Philip Seng, USMEF President and CEO
The change, which takes effect Feb. 1, will allow the United States to export beef from animals under 30 months of age to Japan with the exception of ground beef, which will be phased in after a surveillance period to ensure that the new export protocol is proceeding smoothly. In the aftermath of the discovery of BSE (bovine spongiform encephalopathy) in the U.S. in December 2003, only beef from animals 20 months of age or younger has been eligible for export to Japan.
“This is an extremely positive development that successfully addresses one of the longest standing issues between our two governments,” said Philip Seng, USMEF president and CEO. “The U.S. beef industry – from farmers and ranchers to exporters – will benefit from increased exports to this premium market. At the same time, the trade and consumers in Japan will see a wider variety of beef products and improved availability of U.S. beef in the retail and food service channels.
“We are grateful to the governments of Japan and the United States for their efforts to make this agreement a reality,” added Seng.
The U.S. beef industry is working closely with USDA to ensure the smooth implementation of the new agreement. Among the provisions of the agreement are that beef products produced before Feb. 1 must be accompanied by appropriate documentation and produced under the current export verification (EV) program. These products may not be comingled with products produced Feb. 1 or after, which must be produced under the new EV program and accompanied by the new export documentation.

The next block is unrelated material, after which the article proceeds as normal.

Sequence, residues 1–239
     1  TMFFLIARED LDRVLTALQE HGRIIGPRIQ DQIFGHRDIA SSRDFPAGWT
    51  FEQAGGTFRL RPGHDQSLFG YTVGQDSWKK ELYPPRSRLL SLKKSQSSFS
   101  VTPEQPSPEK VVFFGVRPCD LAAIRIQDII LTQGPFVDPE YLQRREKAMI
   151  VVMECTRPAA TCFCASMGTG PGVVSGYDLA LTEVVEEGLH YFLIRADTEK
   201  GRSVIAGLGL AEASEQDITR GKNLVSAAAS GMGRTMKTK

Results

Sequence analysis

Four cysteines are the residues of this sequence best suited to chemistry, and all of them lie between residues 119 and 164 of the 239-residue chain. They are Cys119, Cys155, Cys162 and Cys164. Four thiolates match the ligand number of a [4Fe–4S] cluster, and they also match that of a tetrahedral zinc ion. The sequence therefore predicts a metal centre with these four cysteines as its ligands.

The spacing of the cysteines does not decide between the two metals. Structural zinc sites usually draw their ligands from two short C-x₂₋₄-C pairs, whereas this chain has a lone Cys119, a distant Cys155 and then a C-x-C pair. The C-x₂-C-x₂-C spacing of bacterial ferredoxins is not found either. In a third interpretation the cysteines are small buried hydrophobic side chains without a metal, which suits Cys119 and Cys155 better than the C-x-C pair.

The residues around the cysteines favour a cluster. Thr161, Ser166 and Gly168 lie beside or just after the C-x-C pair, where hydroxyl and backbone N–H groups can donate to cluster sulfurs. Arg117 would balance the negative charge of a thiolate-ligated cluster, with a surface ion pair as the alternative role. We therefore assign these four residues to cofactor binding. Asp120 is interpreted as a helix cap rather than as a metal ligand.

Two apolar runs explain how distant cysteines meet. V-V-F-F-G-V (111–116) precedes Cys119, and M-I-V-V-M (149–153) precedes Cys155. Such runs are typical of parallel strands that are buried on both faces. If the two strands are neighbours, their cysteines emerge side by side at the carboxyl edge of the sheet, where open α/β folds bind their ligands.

Japan is currently the No. 2 market for U.S. beef exports in terms of value and No. 3 in volume (143,900 metric tons or 317.2 million pounds) valued at $969.8 million through the first 11 months of 2012 – expected to top $1 billion in value for the year for the first time since 2003.
USMEF forecasts that U.S. beef exports to Japan in 2013 as a result of expanded access to the market will increase roughly 45 percent in volume and value, reaching 225,000 metric tons (496 million pounds) and $1.5 billion.
Photo (300 dpi) for use with this release: Philip Seng, USMEF President and CEO
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